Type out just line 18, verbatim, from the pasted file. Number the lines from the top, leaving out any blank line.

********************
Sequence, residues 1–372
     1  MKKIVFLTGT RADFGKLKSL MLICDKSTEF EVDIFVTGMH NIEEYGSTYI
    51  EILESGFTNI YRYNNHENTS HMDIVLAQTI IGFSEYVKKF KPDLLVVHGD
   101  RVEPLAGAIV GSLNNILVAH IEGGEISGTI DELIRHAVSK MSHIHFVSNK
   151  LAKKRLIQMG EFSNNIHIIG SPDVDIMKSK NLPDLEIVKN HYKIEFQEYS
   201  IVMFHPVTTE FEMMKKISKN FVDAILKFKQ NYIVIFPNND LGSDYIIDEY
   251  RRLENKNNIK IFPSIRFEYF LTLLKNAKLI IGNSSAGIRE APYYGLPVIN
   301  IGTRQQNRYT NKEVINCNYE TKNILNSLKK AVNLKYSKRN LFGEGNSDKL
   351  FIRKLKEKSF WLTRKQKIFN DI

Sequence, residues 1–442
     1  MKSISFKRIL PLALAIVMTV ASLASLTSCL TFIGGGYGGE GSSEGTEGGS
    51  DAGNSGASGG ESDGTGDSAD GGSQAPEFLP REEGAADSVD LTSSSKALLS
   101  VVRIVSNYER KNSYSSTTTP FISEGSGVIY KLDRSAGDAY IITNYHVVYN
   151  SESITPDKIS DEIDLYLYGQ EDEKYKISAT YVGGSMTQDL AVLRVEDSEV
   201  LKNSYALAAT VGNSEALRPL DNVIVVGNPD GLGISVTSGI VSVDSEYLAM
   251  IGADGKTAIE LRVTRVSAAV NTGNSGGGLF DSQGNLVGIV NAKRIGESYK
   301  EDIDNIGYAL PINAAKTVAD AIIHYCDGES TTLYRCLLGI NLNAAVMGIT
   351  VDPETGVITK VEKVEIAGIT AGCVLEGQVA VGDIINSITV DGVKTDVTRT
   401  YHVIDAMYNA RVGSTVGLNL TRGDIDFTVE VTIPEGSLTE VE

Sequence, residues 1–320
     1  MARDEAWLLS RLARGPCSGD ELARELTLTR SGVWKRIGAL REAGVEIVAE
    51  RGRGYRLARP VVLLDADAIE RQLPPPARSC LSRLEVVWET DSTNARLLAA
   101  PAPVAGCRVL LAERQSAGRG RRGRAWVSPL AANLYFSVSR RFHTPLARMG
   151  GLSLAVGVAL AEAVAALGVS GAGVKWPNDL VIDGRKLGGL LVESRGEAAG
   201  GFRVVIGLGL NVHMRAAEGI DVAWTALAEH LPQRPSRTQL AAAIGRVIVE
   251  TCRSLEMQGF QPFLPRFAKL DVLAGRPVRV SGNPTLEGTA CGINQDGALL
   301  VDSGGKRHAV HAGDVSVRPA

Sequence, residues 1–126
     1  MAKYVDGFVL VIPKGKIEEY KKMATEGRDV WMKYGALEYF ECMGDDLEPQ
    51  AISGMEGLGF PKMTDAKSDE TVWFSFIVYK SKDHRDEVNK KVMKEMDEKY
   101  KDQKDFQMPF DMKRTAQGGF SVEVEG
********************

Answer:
   351  VDPETGVITK VEKVEIAGIT AGCVLEGQVA VGDIINSITV DGVKTDVTRT